CONCACAF, South America, Asia and Oceania each send one team to an intercontinental playoff. The match-ups were drawn in 2011.

Uruguay, which finished fourth at the 2010 World Cup in South Africa, will be heavily favored to defeat Jordan, which has never qualified. In the other series, Mexico will look to make the most of its World Cup reprieve against New Zealand.

Games are scheduled for Nov. 13 and 20. “Team 1” will host the first leg.

Mexico's fourth-place finish in the Hexagonal sends it to a playoff against New Zealand for a World Cup berth.

Mexico’s fourth-place finish in the Hexagonal sends it to a playoff against New Zealand for a World Cup berth.

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Fate will have its say on Dec. 6 in Mata de São João, a beach town in Bahia. The specific procedure hasn’t been announced, but it’s unlikely to change too much from past draws.

The eight seeds each will be placed in a group. A second pot will contain eight European teams, who can be drawn into any of the eight groups. In the World Cup’s first round, continental confederations are kept apart except for UEFA.

If Uruguay defeats Jordan, as expected, there will be nine unseeded European sides. That last team could be drawn separately into a group headed by Brazil, Argentina, Colombia or La Celeste or put in one of the other three pots with that same provision.

CONCACAF teams tend to be drawn from the same pot as the Asian sides. If Mexico and Uruguay win their playoffs, both CONCACAF and Asia will send an easy four teams each, creating a perfect pot. An upset by either Jordan (adding a fifth Asian team) or New Zealand (removing the fourth CONCACAF team) could complicate matters.

A fourth pot likely will contain the five African survivors, Chile and Ecuador, and perhaps the final European side. But FIFA could switch it up.

By the night of Nov. 20, at least, the 32 teams will be known.

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Matthew Cush
Matthew Cush

Why can't they have a second pot consisting of the next eight ranked teams, to avoid the group-of-death syndrome? Seems to me FIFA is just trying to get at least a couple of very minor teams into the knock-out stage to make things more "interesting" to the casual fan.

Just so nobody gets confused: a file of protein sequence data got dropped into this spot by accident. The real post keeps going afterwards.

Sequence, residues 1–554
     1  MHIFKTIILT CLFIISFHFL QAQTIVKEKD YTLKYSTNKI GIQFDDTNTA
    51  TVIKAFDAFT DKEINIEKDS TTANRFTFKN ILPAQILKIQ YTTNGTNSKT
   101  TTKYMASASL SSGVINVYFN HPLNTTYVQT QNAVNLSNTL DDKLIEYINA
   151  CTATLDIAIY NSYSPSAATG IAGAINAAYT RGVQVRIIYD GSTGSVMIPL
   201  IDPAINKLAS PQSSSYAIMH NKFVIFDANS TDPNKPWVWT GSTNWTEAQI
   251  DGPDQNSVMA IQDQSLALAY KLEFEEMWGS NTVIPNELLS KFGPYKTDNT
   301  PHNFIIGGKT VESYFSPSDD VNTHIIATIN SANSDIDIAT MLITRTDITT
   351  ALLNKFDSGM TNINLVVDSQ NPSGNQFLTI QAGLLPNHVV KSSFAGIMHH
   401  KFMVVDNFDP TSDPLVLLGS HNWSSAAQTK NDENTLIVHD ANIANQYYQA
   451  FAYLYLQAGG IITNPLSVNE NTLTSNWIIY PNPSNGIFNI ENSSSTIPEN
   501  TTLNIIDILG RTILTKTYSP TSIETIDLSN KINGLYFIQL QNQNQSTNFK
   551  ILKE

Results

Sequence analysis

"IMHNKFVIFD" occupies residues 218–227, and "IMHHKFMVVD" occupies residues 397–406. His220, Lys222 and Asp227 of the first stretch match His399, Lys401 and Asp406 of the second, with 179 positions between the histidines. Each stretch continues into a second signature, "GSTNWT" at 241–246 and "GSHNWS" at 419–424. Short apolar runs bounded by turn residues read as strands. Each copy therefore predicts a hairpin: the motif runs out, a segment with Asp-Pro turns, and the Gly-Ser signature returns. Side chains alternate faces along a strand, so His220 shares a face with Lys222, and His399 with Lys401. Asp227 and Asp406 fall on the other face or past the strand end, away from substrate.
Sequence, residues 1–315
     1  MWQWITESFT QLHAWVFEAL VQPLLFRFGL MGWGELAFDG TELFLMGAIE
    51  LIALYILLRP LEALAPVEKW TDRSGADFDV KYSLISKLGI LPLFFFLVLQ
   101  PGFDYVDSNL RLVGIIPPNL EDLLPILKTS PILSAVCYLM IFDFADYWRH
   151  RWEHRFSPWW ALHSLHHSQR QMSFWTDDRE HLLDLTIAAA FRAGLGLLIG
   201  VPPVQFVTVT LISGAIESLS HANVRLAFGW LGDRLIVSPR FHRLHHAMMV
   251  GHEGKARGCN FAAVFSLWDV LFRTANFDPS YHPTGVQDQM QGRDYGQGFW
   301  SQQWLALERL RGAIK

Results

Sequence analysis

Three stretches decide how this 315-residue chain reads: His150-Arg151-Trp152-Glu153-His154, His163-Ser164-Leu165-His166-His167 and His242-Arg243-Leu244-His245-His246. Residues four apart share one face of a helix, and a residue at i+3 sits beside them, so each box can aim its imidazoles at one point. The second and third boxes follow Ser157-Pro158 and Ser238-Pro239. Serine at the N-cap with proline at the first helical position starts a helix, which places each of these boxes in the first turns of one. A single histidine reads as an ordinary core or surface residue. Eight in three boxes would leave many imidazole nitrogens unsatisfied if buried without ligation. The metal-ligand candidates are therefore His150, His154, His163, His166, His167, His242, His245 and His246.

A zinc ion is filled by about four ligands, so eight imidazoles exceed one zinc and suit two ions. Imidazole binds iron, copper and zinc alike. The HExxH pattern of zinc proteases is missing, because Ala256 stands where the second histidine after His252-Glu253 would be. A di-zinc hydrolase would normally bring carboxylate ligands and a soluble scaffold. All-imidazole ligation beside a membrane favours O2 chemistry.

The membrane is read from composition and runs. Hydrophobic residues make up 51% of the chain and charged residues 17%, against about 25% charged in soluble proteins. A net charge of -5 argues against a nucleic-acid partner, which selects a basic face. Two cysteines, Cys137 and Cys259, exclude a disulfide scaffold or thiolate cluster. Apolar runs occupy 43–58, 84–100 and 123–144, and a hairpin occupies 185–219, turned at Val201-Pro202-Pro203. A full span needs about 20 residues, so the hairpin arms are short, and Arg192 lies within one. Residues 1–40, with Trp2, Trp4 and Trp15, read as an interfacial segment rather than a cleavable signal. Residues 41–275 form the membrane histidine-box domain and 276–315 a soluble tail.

The USA deserves to be in the World Cup this time around.  Not sure I care about who they have to play against in the opening round.  It's luck of the draw and with only a few exceptions, these are the BEST teams in the world.  It's win or go home.  USA   USA   USA!!!!!!!!!


Maybe you should have given some attribution for those tables you lifted off of Wikipedia?


Given the history with FIFA, it will come down to which country pays the most bribes.  


Small correction: If Uruguay qualify by beating Jordan, they will have the 6th seed, not the Swiss. Switzerland will have the 7th.


"Past World Cup performance no longer impacts seeding" - is that accurate? As I understand it, World Cup games are still heavily weighted in distributing ranking points.


No need to worry over something we don't have any control over. The pools will come up and let's see where the US stands. In any once-in-a-four year event, there will be the usual narratives about favorites and underdogs. But in reality, anything can happen. Spain thoroughly dominated Switzerland in their opening WC 2010 match ... and lost on the scoreboard (and became the first team to win the WC after dropping their first match). The history of WC is rife with bad refereeing and bad breaks. A deflected shot can glance off the post or sneak into the goal. And of course, if the game comes down to penalty kicks, it's a coin flip.

So it's difficult to gauge expectations when it comes to the USMNT. "In Klinsmann We trust" and hopefully he can put the very best, well-prepared players on the pitch with a solid game-plan. And then, fingers crossed for some luck and good bounces. There's a reason why in the past four WCs, the likes of Uruguay, Turkey, South Korea, Croatia, Sweden, and Bulgaria have made the WC semis.


I will root hard for the USA, but the reason the draw seems so scary is that, notwithstanding the #13 ranking, I doubt we would be favored against any of even the unseeded European or South American teams or Ghana or any other team with a proven Champions League attacker.  Our defense is far too porous and our offense far too inconsistent. 


@M20 You're correct, the results of the 2010 WC still are counted in the October 2013 FIFA rankings. The rankings go back 4 years (from October 2009). So obviously the last WC results are counted. However, FIFA used to weigh past WC results more heavily than the current FIFA rankings do. Furthermore, they not only used the last WC played, but even older WC's from 8-12 years ago.


@DSM Ye of little faith. Most of the Gold Cup and last few WC qualifying games saw the USMNT's 2nd stringers, and guess what, they were still winning. This team is in fine form and when they have a healthy squad, they can compete with any team in the world. I'm excited to see who the US draw in December for WC14!!